• What are the lease-length options? There are four main types of rental agreements. Since you’re renting a house, your lease agreement will likely be for a more extended period, such as 12 months.
  • Are there any house rules? Find out if there’s anything you’re not allowed to do. For example, are you permitted to paint? Can you host parties at the property?

5. Apply for the rental

Once you’ve found your ideal rental, the next step is submitting a rental application. Generally, the rental application process with independent landlords is similar to what you’ll do with property management companies. However, it can differ slightly depending on the landlord.

Most landlords will request supporting documents, such as pay stubs, that prove you can afford the rent. You can increase your chances of getting approved as a tenant by:

  • Including a cover letter that explains why you love the house and why you’ll be a good renter.
  • Improving your credit score in advance so you won’t require other solutions, such as a co-signer.
  • Providing references from previous landlords or others who can vouch that you’re a respectful and responsible individual.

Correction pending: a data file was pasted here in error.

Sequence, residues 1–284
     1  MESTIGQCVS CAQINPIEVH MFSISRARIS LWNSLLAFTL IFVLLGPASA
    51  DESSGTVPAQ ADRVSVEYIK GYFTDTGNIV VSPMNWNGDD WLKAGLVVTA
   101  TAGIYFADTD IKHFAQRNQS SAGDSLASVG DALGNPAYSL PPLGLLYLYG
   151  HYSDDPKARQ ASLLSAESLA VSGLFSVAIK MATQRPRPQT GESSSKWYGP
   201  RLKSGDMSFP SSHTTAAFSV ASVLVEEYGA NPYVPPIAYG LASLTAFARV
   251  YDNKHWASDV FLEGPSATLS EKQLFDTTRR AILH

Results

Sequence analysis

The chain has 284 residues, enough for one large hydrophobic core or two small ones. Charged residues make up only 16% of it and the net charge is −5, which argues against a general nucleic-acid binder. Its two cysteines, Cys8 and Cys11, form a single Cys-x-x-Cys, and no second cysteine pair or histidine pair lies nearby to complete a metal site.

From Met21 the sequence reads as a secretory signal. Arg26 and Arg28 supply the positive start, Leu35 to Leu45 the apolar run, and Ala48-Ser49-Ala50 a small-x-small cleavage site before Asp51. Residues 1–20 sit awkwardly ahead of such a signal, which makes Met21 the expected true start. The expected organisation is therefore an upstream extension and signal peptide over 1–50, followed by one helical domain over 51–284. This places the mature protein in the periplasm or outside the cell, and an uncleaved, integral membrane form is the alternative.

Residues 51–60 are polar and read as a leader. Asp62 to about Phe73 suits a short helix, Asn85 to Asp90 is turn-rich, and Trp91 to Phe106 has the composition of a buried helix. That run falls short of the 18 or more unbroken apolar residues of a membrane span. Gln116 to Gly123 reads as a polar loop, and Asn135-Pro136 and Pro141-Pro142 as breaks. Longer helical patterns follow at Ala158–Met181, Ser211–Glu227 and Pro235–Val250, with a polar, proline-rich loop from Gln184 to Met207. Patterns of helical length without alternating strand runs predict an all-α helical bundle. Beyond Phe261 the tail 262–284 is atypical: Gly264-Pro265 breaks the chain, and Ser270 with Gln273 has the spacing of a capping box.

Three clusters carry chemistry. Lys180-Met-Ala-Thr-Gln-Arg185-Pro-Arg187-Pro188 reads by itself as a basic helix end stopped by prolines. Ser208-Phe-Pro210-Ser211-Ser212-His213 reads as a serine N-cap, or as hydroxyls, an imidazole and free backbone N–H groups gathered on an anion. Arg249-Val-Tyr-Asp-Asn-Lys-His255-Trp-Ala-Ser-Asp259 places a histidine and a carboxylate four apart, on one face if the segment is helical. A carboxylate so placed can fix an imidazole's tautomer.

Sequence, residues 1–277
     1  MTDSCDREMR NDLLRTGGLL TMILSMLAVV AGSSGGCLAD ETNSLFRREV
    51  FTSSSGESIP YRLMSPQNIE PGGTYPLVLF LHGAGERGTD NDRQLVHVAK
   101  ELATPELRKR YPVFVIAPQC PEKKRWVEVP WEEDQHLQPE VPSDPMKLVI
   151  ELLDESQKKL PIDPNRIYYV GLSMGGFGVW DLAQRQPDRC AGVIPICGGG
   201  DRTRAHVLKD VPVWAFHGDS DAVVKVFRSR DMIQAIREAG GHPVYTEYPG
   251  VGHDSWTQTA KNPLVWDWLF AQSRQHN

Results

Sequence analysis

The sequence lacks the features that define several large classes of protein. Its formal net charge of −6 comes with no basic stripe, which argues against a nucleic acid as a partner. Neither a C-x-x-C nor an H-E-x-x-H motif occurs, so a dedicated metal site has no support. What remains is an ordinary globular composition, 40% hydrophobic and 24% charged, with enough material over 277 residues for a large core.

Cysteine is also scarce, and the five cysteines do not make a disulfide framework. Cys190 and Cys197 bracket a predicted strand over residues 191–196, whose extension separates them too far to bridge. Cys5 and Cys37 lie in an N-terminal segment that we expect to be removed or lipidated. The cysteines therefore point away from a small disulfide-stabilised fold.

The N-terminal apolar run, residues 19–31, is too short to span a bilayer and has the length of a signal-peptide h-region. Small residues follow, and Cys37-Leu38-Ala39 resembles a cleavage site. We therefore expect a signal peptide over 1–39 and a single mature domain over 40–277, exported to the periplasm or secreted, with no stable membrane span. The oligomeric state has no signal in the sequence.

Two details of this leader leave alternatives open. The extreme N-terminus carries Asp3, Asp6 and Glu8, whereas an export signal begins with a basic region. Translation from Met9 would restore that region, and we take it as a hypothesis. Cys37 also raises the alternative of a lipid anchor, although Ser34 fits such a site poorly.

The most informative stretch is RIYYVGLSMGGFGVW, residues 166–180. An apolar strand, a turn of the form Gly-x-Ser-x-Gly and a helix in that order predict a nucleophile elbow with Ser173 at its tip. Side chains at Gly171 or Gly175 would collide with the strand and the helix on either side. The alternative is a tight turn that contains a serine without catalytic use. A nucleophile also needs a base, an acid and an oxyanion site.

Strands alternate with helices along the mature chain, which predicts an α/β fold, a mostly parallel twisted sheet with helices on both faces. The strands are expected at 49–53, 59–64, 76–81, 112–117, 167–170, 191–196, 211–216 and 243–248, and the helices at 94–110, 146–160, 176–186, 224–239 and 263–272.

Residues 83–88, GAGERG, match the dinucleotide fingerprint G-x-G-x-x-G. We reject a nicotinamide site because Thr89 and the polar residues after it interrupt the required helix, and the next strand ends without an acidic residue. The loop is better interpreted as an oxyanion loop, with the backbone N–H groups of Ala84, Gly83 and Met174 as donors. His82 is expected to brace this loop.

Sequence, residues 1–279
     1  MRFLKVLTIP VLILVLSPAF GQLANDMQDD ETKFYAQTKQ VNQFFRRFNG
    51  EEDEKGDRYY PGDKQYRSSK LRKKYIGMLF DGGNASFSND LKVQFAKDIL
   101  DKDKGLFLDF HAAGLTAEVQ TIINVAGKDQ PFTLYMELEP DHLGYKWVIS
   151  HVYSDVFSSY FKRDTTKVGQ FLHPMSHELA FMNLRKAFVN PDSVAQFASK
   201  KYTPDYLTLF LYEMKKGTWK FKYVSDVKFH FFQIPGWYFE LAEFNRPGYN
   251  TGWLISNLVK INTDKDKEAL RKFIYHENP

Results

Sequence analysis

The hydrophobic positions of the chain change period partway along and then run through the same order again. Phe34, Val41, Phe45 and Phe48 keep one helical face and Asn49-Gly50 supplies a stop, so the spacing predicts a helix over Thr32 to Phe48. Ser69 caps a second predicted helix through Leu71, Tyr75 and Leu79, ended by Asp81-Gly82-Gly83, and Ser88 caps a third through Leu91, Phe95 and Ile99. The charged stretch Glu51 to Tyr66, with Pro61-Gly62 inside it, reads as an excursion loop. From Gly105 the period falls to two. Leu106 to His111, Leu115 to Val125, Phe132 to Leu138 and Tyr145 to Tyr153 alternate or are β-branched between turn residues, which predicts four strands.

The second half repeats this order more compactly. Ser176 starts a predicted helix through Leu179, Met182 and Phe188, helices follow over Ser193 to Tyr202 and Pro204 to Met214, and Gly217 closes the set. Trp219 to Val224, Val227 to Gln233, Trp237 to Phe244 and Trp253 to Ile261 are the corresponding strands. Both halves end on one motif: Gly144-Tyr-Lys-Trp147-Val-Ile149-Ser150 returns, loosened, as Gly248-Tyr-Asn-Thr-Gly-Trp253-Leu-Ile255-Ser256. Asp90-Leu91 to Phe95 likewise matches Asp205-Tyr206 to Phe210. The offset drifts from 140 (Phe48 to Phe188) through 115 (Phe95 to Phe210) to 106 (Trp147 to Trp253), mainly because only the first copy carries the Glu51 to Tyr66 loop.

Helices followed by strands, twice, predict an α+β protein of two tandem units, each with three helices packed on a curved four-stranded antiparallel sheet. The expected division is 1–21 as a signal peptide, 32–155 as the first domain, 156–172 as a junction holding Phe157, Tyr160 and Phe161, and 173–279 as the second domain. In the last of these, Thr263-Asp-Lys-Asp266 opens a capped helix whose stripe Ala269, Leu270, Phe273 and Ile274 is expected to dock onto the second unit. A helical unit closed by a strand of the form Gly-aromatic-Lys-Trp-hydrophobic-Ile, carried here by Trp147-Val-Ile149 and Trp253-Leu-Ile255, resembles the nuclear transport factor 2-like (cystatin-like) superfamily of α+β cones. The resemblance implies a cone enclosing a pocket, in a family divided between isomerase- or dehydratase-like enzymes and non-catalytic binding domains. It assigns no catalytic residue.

Houses for rent by private landlords are easier to find than you think. But before starting your search, determine your budget, ensure you have a good credit score, and create that non-negotiables list. Then, visit Realtor.com to find available listings near you.

For Rent by Owner: A Guide To Finding Rental Homes With Private Landlords (2024)

FAQs

What credit score do landlords use? ›

Most landlords use FICO credit scores to determine if an applicant qualifies for an apartment. The typical categories for those scores are: Exceptional: 800 to 850. Very Good: 740 to 799.

How do I find landlords in my area? ›

How to find private landlords
  1. Online platforms: Locally-based resources like Facebook Marketplace and neighborhood Facebook groups are great places to start your search. ...
  2. Rental sites: Listing sites such as Trulia, Zillow, Craigslist, HotPads, and ByOwner.com all help you find available houses or apartments.
Jan 16, 2024

Can I rent with a 600 credit score? ›

A credit score of 600 isn't ideal, but it's far from disastrous for renting an apartment. While you may not qualify for apartments with strict credit requirements, many landlords will consider scores in this range, especially if you can show a stable income and good rental history.